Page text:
Hyun-Jin Ryu is very arguably the top starter remaining on the free-agent market, though his injury history is a clear red flag despite the southpaw’s dominant showing over the past couple of seasons. The Athletic’s Ken Rosenthal reported earlier this week that Ryu was “expected” to top four years and $80MM on his next contract, but on this morning’s appearance on MLB Network’s Hot Stove show (video link), Rosenthal indicated that multiple teams have since told him they were immediately skeptical of that price point: “I heard from a couple of clubs yesterday that said ’That’s not going to happen — not with that medical history.'”
Certainly, that doesn’t rule out the possibility of a four-year pact for Ryu, but the pushback serves to underscore what makes Ryu such a polarizing free agent. The 32-year-old (33 in March) has a 2.21 ERA over his past 265 innings and a 2.71 ERA in 391 2/3 innings dating back to 2017. On a per-inning basis, he’s among the market’s elite options, but Ryu’s age and injury history likely have some teams steering clear of him on any type of notable multi-year arrangement. It only takes one team to push to four years, but to this point, his realistic price tag is hard to pin down.
More on Ryu and the rest of the pitching market…
- Ryu’s agent Scott Boras, who also represents lefty Dallas Keuchel, chatted with MLB.com’s Mark Feinsand about the two free-agent southpaws and (unsurprisingly) offered optimism that a deal could come together in the near future. “Clubs are identifying their needs, and we’re certainly narrowing the corridor of finality,” Boras said with characteristic idiosyncrasy. “It could happen soon.” Meanwhile, Bruce Levine of 670AM The Score/CBS Chicago writes that the White Sox are interested in both Boras lefties, also implying that the team might find it preferable to add a free-agent of that ilk rather than for a one-year rental (e.g. Robbie Ray). The ChiSox are still hopeful of reeling in a rotation upgrade but are wary of surrendering notable young talent for a one-year upgrade.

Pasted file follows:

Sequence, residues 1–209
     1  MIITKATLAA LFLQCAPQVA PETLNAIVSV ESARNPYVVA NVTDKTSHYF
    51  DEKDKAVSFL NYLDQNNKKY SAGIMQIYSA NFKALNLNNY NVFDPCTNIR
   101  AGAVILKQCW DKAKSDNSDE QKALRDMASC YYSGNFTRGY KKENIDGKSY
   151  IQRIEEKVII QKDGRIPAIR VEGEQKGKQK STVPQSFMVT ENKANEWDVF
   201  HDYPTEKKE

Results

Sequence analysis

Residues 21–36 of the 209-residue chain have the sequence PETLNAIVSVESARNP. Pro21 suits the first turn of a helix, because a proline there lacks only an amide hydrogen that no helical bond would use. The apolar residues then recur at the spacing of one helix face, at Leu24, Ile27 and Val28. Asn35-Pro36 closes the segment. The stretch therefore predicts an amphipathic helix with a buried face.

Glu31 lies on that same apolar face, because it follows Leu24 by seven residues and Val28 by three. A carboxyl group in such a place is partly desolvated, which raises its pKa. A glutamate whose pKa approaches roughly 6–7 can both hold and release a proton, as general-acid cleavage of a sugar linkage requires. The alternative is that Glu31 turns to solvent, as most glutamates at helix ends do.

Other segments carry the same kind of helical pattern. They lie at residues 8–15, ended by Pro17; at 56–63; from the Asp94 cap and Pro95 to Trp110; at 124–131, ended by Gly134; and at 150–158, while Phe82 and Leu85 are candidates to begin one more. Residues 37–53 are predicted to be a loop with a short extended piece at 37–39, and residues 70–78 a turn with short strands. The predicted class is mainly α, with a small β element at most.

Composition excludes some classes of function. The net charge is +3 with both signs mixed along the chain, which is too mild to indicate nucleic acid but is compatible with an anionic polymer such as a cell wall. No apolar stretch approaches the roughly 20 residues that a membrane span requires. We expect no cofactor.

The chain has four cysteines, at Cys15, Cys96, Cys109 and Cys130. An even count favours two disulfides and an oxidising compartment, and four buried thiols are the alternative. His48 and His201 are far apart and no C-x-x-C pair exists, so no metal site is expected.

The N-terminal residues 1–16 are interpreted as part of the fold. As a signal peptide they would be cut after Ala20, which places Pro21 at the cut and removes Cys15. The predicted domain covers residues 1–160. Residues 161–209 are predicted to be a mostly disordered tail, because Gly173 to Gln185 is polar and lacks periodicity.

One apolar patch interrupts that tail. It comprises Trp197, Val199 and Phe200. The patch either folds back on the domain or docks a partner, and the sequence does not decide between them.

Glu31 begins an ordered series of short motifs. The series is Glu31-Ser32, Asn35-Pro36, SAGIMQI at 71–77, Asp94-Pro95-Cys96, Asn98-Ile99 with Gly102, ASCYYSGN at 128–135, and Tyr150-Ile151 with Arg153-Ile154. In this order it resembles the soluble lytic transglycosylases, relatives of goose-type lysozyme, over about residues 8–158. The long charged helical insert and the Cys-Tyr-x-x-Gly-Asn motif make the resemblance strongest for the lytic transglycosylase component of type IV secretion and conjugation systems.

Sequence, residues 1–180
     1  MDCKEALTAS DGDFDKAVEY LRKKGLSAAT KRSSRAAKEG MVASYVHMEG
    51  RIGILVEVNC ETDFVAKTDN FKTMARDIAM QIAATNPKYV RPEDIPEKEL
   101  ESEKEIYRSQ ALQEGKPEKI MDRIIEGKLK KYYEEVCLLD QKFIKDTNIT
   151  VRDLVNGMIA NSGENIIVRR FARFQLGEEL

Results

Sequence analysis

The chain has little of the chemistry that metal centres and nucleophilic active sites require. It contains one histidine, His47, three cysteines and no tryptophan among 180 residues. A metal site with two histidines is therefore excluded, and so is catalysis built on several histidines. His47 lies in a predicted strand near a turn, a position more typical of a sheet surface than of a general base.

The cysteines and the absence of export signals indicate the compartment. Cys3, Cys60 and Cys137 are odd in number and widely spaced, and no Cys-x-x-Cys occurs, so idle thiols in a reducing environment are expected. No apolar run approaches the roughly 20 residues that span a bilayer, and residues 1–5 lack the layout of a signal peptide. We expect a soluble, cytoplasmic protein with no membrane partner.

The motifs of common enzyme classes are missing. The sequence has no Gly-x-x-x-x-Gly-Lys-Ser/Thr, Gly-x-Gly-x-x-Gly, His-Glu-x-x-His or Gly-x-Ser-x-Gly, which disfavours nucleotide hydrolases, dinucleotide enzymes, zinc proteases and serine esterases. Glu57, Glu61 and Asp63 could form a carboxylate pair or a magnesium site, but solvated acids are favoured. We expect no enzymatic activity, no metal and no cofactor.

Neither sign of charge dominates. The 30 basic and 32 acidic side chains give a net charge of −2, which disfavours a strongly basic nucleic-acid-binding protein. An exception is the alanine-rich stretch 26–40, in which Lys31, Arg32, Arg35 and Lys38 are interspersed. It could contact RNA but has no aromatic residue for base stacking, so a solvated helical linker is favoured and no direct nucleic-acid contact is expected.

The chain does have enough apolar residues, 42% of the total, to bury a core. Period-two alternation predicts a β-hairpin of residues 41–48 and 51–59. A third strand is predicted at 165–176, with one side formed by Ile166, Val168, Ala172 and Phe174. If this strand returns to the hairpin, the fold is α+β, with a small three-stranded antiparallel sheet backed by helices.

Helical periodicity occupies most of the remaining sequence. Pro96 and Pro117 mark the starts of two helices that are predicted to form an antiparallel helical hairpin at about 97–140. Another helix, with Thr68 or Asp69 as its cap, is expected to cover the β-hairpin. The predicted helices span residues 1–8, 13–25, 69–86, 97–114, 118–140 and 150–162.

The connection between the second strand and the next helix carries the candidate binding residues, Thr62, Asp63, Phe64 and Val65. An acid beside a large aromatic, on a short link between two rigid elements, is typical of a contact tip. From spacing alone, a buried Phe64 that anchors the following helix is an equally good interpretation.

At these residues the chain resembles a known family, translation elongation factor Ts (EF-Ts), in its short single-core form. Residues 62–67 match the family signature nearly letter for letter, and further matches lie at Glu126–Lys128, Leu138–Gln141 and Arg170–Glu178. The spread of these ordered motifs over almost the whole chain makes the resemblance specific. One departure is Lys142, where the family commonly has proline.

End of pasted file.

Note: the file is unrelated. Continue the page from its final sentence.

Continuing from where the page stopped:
- The Diamondbacks’ decision to sign Madison Bumgarner wasn’t made as a precursor to a Robbie Ray trade, GM Mike Hazen tells Nick Piecoro of the Arizona Republic. Of course, it wouldn’t behoove any general manager to proclaim otherwise, and as Piecoro observes, nothing in Hazen’s comments expressly rules out the possibility of trading Ray, who’ll be a free agent next winter. Arizona moved Paul Goldschmidt under similar circumstances, when he had a year of control remaining and was set to be their second-highest-paid player. (Ray will actually be Arizona’s highest-paid player, given the backloaded nature of Bumgarner’s deal.) The strong demand for pitching and dwindling supply in free agency should make Ray a popular target and could position the D-backs to again pick up a controllable piece or two that’s near the big league level, as was the case in recent trades of Goldschmidt (Luke Weaver, Carson Kelly) and Zack Greinke (Corbin Martin, J.B. Bukauskas, Josh Rojas).
- Former Mariners ace Felix Hernandez has already made clear he won’t be hanging up his spikes. He’s “receiving interest” from teams, Jon Heyman of MLB Network reports on Twitter, although the extent of that interest isn’t clear. Hernandez may be a former Cy Young winner who sat atop the hierarchy of baseball’s very best pitchers from 2009-14, but his decline into a back-of-the-rotation arm and, more recently, a liability on the mound was rather swift. Over the past two seasons, Hernandez has limped to a dismal 5.82 ERA / 5.44 FIP in 227 1/3 innings. The scintillating heater that averaged nearly 96 mph and scraped triple digits when he debuted as a babyfaced 19-year-old in 2005 has faded to an 89.5 mph average dating back to Opening Day 2018. A pitcher with Hernandez’s preternatural talent shouldn’t be totally counted out, particularly given that he won’t even turn 34 until April, but he’s purely a rebound candidate at this point.